Commentary by Luke Boyd: Useless Advice and Dumb Directions
By Dr. Lucas Boyd
Is it just me or have you readers noticed that newspapers, magazines, TV, radio, the internet, and any other means of communication have been invaded by “advice givers?” One can find in any large bookstore hundreds of books offering advice and counsel on anything from conception to death and burial. It makes you wonder how in the world people have been able to muddle through life for centuries without this help. Only a small percentage is useful. Much can be figured out with a little common sense and the rest if totally useless.
I ran across two wonderful pieces of advice from two different people in different publications about shower curtains. One advised that taking a shower would cause less mess in the bathroom if the curtain were put inside the tub before turning on the water. How did the U. S. become a world leader without this knowledge? The other was just as inane. This person advised that you could stay warmer in cold weather if, after showering, you kept the curtain closed and dried off while standing in the shower. Anyone who hasn’t figured this out on their own should not be allowed around hot water unsupervised.
There is a lot of advice these days regarding the kitchen and foods. One kitchen guru had a helpful hint recently on how to know when to sharpen your knives. She said that you should “ping” them. Now, I assume that meant to hit them on something or with something to produce a sound. The problem was she did not say how to produce the sound nor what was a “dull” sound or a “sharp” sound. It also seems that this method would leave out people with hearing problems who would be relegated to a lifetime of kitchen work with dull knives. I think I have better advice: When your kitchen knife ceases to slice properly, sharpen it. Remember, you heard it here first.
Not long ago I came across a lengthy article in another newspaper on “how to eat tomatoes.” If there is anything a southern person does not need, it is instruction on the eating of tomatoes. There were a lot of recipes and pictures mostly of tomato slices with other foods placed on top of them. Again, my advice, (which most any southern person already knows) tomatoes go with most anything.
Another lady had some advice not on what to eat but how to eat. She was advising that you eat popcorn with a fork. No, I did not make that up. She stated that stabbing each exploded kernel with a fork prevented you from having to wash your hands so often as you were doing other tasks, especially computer work. She said that many of her friends were following her example. I’ve got some advice for her: Unless it involves looking at or listening to something, quit involving the eating of popcorn with other multitasking activities.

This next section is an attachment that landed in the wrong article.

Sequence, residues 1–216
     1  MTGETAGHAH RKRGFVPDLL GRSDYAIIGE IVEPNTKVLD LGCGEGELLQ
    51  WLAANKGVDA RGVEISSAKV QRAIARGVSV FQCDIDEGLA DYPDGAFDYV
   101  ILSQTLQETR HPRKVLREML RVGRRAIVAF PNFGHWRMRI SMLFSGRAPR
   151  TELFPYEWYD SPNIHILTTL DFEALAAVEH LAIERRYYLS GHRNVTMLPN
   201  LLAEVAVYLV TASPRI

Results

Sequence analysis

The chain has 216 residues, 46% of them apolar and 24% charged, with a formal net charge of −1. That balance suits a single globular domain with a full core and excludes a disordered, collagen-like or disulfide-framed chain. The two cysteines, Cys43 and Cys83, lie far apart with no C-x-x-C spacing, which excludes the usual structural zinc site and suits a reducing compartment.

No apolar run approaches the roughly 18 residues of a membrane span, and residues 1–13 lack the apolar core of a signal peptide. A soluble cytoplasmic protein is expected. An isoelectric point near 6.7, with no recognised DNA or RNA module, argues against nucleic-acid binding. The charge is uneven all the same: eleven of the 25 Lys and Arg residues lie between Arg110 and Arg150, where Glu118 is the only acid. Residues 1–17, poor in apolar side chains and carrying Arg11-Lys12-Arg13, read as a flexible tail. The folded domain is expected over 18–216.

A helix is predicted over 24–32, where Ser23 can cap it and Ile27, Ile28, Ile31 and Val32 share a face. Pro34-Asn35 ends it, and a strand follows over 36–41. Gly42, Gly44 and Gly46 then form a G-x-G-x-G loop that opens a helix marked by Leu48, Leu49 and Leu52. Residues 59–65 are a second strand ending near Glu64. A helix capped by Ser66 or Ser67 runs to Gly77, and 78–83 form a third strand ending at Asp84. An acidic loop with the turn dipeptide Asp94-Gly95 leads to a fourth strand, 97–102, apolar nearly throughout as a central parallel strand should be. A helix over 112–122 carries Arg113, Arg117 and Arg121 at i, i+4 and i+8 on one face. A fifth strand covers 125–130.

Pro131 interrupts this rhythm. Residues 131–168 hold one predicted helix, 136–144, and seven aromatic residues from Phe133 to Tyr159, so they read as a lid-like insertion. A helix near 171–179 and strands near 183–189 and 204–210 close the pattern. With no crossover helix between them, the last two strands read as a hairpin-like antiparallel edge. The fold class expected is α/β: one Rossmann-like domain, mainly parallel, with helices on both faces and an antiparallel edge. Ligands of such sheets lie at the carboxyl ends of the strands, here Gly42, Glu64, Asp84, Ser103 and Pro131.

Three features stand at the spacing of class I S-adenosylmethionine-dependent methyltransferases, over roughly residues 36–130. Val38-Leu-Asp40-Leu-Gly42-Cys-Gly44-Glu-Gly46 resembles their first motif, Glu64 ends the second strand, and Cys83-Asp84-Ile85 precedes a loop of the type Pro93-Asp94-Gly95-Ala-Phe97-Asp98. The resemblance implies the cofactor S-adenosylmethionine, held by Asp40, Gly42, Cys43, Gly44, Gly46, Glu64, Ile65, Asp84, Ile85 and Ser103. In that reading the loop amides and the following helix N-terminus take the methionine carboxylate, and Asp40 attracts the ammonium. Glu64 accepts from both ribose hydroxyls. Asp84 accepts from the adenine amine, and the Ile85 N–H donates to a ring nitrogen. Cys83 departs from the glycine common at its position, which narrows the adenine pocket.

As I’ve gotten older, I have found that I’m taking more pills. Invariably, the directions on the container will say, Take two pills by mouth….” Why? The human body only has a few exterior openings. Unless it’s a suppository, you would think most folks would know which opening to use. It makes one wonder if some people do have a problem in this regard.
Recently, I bought a new sun-screen for my truck. It’s one of those two-piece jobs that fold up and has a real shiny reflector surface on one side. One of the directions on the box said, “Do not attempt to drive with the screen in place.” It makes you wonder if anyone has ever tried to do that.
Just look at any number of products on the market. Many come with directions or cautions that you’d think would be unnecessary for anybody with one iota of intelligence. But I suppose there’s always someone like the fellow who bought a new RV, set the cruise control at 70, and went in the rear to make himself a cup of coffee. Of course, it ran off the interstate and crashed. He was not hurt and fortunately, neither was anyone else.
He promptly sued saying that the manual did not say the vehicle could not be operated that way. A jury of his peers (those with similar mental challenges) awarded him a new RV and several hundred thousand dollars in damages. I suppose as long as there are folks out there like this, we’ll all have to continue getting directions on where to stick our pills.
Dr. Lucas G. (Luke) Boyd is the retired principal of Battle Ground Academy. He lives in Franklin and may be contacted at email@example.com
Posted on: 9/18/2013